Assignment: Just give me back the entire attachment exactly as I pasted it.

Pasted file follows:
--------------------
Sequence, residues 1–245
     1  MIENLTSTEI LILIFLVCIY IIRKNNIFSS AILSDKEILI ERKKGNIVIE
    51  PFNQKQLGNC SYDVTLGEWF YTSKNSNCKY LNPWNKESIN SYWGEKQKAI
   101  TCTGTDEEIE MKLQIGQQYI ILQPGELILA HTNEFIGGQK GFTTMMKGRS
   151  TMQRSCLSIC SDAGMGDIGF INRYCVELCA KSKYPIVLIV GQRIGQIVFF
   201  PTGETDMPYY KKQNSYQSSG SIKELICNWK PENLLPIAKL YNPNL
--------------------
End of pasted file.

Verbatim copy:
Sequence, residues 1–245
     1  MIENLTSTEI LILIFLVCIY IIRKNNIFSS AILSDKEILI ERKKGNIVIE
    51  PFNQKQLGNC SYDVTLGEWF YTSKNSNCKY LNPWNKESIN SYWGEKQKAI
   101  TCTGTDEEIE MKLQIGQQYI ILQPGELILA HTNEFIGGQK GFTTMMKGRS
   151  TMQRSCLSIC SDAGMGDIGF INRYCVELCA KSKYPIVLIV GQRIGQIVFF
   201  PTGETDMPYY KKQNSYQSSG SIKELICNWK PENLLPIAKL YNPNL